The Affordable Care Act does not establish a national public option like many progressive would have hoped, but it does allow states to form their own public plans. Today’s Politico’s Pulse reports that Connecticut is aiming to do just that, and a new report from a state board to the General Assembly argues that such an option could save Connecticut taxpayers up to $355 million in 2014.
The option, called SustiNet, follows a 2009 state law which sought to use a publicly administered health plan to implement health care delivery changes designed to slow the growth of costs. Over the course of three years, the state hopes to expand the program from state-sponsored populations, state employees and retirees, to municipalities, private employers and families:
Effective on January 1, 2014, when most federal reforms become operational, SustiNet will offer comprehensive, commercial benefits to all of the state’s employers and households. This new health insurance choice will be available both inside and outside Connecticut’s new health insurance exchange, established under the ACA. SustiNet will undertake feasibility studies, develop business plans, conduct a risk assessment, and take any other steps needed to ensure that the new competitive option is viable and adds value in the marketplace. [...]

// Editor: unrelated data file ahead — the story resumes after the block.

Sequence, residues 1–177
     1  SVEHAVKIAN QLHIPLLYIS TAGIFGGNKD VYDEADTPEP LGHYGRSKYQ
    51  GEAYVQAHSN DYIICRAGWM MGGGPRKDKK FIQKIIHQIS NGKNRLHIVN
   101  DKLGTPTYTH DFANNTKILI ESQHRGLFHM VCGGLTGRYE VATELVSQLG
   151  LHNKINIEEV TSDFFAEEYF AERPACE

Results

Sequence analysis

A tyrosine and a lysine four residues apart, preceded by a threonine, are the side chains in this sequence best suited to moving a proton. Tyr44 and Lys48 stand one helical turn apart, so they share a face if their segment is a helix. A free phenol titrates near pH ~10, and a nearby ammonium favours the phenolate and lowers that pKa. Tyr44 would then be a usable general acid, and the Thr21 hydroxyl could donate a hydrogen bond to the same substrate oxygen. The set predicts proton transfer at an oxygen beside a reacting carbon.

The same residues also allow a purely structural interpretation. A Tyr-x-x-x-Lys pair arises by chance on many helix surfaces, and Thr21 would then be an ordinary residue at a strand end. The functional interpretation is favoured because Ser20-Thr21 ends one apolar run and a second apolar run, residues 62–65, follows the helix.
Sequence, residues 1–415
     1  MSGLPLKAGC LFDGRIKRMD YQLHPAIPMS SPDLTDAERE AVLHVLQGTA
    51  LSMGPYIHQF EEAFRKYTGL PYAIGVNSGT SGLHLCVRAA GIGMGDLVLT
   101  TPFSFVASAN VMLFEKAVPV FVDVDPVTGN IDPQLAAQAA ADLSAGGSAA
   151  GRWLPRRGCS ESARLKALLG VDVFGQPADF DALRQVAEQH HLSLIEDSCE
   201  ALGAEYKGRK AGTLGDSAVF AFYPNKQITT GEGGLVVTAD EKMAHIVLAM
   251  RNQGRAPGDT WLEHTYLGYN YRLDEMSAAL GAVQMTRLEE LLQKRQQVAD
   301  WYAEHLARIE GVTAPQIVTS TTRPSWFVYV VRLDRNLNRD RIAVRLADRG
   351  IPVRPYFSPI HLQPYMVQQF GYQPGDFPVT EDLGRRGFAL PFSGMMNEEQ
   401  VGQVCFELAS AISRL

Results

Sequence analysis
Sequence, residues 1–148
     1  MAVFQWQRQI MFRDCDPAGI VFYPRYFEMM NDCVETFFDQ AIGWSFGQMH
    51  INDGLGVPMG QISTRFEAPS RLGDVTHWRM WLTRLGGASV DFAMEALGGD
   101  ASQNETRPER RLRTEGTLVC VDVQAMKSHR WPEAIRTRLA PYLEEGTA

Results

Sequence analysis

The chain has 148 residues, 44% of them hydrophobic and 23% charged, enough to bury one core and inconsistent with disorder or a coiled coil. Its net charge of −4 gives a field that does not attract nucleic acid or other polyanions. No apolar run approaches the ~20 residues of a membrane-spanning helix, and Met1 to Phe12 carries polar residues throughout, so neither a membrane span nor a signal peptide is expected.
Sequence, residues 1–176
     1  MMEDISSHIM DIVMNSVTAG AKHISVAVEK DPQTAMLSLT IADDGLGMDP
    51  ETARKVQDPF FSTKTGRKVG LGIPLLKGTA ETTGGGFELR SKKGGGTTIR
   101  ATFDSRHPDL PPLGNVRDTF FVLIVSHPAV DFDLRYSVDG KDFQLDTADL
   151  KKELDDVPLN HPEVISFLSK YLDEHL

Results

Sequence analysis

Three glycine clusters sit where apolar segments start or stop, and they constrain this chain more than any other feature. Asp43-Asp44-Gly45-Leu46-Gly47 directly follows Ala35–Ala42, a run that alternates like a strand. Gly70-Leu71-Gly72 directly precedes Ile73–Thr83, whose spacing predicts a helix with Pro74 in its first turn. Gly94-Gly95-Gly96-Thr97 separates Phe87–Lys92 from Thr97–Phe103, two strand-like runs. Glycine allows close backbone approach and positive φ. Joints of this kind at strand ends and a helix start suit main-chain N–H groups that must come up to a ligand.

SustiNet will offer all employers and families a new, competitive health insurance option that reforms health care delivery and payment to improve value and slow premium growth. These reforms will spark broader change throughout Connecticut. Leading by example, SustiNet’s innovations will make it easier for others to follow a similar path. Our proposal harnesses the power of competition, ensuring that successful SustiNet reforms will be replicated by private insurers seeking to preserve their market share. SustiNet will also work collaboratively to implement multi-payer reforms that help the state’s providers give their patients high- value, quality care. And by enrolling a large number of consumers, SustiNet will gain the leverage it needs to reform health care delivery and payment.
Connecticut could serve as a test case for the progressive public option talking points we all heard so much about (and repeated) during the national debate. Indeed, Oregon and Vermont are already considering more progressive alternatives than what the ACA allows and if Congress passes legislation offered by Sens. Ron Wyden (D-OR) and Scott Brown (R-MA) to permit states that meet certain benchmarks to opt out of some of the requirements of the law by 2014 (rather than the current date of 2017), we could expect even more state experimentation on the horizon.